Two plead guilty to cocaine conspiracy

Three defendants plead not guilty, two others postpone arraignment

Seven people appeared in Grand Court on Friday accused of conspiring with Alexander Adrian Ebanks to supply controlled drugs. All were given return dates, with two who pleaded guilty coming back for sentencing on Sept. 28.

Ebanks pleaded guilty last week to conspiring with the six men and one woman – each on a separate charge. His sentences for conspiracy to supply controlled drugs were concurrent terms of five-and-a-half years. Other related offenses brought his total term of imprisonment to six-and-a-half years, with time in custody to count.

No details were given in any of the charges against any of the defendants as to amounts or types of drugs or circumstances of the alleged conspiracy, but such information would become known at each defendant’s sentencing hearing or trial. However, Crown counsel Eleanor Fargin advised the court during Ebanks’s sentencing that 56 “customers” had been identified from his cellphones.

The defendants who pleaded guilty were Christopher Digregrio Khan, 27, and Christopher Philip Bodden, 21. Khan, represented by attorney Laura Larner, admitted conspiring with Ebanks between Aug. 13 and Oct. 22, 2015.

Khan also pleaded guilty to conspiracy to convert criminal property, in that he changed CI$1,000 into US$1,200 between Sept. 21 and 23, 2015.

He was the first to enter any guilty pleas, and Justice Michael Mettyear announced that Khan would get maximum credit for pleading at the earliest opportunity.

The judge gave the same assurance to Bodden, who pleaded guilty to conspiring with Ebanks between Aug. 4 and Sept. 21, 2015. He was represented by attorney Jonathon Hughes.

Justice Mettyear ordered social inquiry reports for these two defendants and said he would be the judge dealing with them on Sept. 28.

Robert Cialon, represented by attorney Alice Carver, pleaded not guilty to eight charges of conspiring with Ebanks to supply controlled drugs. The charges relate to eight periods between July 19 and Oct. 21, 2015. He was directed to return for trial on Sept. 16.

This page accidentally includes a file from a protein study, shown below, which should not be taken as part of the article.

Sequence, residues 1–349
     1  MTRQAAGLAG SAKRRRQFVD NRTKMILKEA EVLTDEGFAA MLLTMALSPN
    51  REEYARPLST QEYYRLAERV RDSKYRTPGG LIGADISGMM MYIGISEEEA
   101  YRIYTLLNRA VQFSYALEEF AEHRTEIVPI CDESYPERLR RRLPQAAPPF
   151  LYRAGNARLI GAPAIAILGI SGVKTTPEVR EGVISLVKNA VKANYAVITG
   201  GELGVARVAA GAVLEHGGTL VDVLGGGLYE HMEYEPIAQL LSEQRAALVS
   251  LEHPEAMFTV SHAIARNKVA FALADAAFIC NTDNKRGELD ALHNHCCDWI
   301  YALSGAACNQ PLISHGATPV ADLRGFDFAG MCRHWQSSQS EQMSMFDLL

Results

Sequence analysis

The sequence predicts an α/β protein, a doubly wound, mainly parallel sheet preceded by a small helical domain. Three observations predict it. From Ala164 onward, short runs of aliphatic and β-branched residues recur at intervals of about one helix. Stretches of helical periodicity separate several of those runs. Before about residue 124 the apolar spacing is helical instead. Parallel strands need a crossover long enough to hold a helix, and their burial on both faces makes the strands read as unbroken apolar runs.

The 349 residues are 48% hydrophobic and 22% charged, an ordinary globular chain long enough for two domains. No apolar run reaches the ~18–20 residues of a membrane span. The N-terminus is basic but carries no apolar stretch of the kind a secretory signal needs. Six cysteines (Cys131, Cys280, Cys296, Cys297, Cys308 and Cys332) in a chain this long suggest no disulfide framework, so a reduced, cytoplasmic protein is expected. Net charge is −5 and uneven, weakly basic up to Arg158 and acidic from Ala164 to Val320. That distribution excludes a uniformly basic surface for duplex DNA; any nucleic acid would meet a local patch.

Ian Neil Duncan was also told to return for trial on Sept. 16 after he entered pleas of not guilty. He was charged with conspiring with Ebanks seven times on dates in August and September 2015. Duncan was represented by attorney Crister Brady.

The third person bailed until Sept. 16 was Ukel Fernandez Dixon, represented by attorney Nicholas Dixey. Dixon pleaded not guilty to conspiring with Ebanks between Sept. 20 and Oct. 21, 2015.

Wayne Carlos Myles was not yet ready to have any charges put to him for him to enter any plea. It was noted that the charges against him had been committed to the Grand Court just a day or two earlier.

Both Myles and Jaesha Hendrix were ordered to return to court on Aug. 31.

Hendrix was the only defendant in custody, Mr. Hughes told the court. Bail had been granted with a surety in the sum of $50,000, but she had been unable to meet it. He asked for the surety to be reduced to $10,000.

Ms. Fargin objected. She explained that Hendrix knew police had searched the apartment she had shared with Ebanks. Hendrix made sure the dogs were taken care of and then she went missing from the end of October 2015 until May 2016.

Hendrix is charged with conspiring with Ebanks to supply controlled drugs between Sept. 11 and 23, 2015. She is further charged with conspiring with him that same month to pervert the course of justice by attempting to obtain a device or drink that would produce a false negative result for a court-ordered test of urine to detect the presence or absence of drugs.

Justice Mettyear refused the application to amend Hendrix’s bail conditions.

He said in open court that he was leaving the Cayman bench at the end of September, so those defendants who pleaded not guilty would probably not be dealt with by him. For those who have not yet pleaded, he urged, “If you are guilty, plead guilty and get the maximum credit.”